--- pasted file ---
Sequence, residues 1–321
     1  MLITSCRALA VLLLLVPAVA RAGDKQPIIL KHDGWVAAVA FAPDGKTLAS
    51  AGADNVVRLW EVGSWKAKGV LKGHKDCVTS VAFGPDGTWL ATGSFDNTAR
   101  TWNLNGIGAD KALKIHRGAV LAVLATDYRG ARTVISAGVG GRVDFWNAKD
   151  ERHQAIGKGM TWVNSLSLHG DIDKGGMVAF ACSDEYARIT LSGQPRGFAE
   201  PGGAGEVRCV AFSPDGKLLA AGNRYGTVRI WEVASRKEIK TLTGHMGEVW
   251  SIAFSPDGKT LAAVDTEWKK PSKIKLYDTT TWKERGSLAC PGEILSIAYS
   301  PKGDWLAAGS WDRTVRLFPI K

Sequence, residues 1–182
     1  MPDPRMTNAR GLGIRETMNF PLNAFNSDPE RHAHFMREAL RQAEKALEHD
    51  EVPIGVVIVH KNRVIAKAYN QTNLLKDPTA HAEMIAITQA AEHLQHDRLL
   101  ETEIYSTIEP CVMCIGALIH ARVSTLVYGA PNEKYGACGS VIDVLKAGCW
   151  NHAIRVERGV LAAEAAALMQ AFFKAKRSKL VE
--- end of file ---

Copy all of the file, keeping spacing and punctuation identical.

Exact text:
Sequence, residues 1–321
     1  MLITSCRALA VLLLLVPAVA RAGDKQPIIL KHDGWVAAVA FAPDGKTLAS
    51  AGADNVVRLW EVGSWKAKGV LKGHKDCVTS VAFGPDGTWL ATGSFDNTAR
   101  TWNLNGIGAD KALKIHRGAV LAVLATDYRG ARTVISAGVG GRVDFWNAKD
   151  ERHQAIGKGM TWVNSLSLHG DIDKGGMVAF ACSDEYARIT LSGQPRGFAE
   201  PGGAGEVRCV AFSPDGKLLA AGNRYGTVRI WEVASRKEIK TLTGHMGEVW
   251  SIAFSPDGKT LAAVDTEWKK PSKIKLYDTT TWKERGSLAC PGEILSIAYS
   301  PKGDWLAAGS WDRTVRLFPI K

Sequence, residues 1–182
     1  MPDPRMTNAR GLGIRETMNF PLNAFNSDPE RHAHFMREAL RQAEKALEHD
    51  EVPIGVVIVH KNRVIAKAYN QTNLLKDPTA HAEMIAITQA AEHLQHDRLL
   101  ETEIYSTIEP CVMCIGALIH ARVSTLVYGA PNEKYGACGS VIDVLKAGCW
   151  NHAIRVERGV LAAEAAALMQ AFFKAKRSKL VE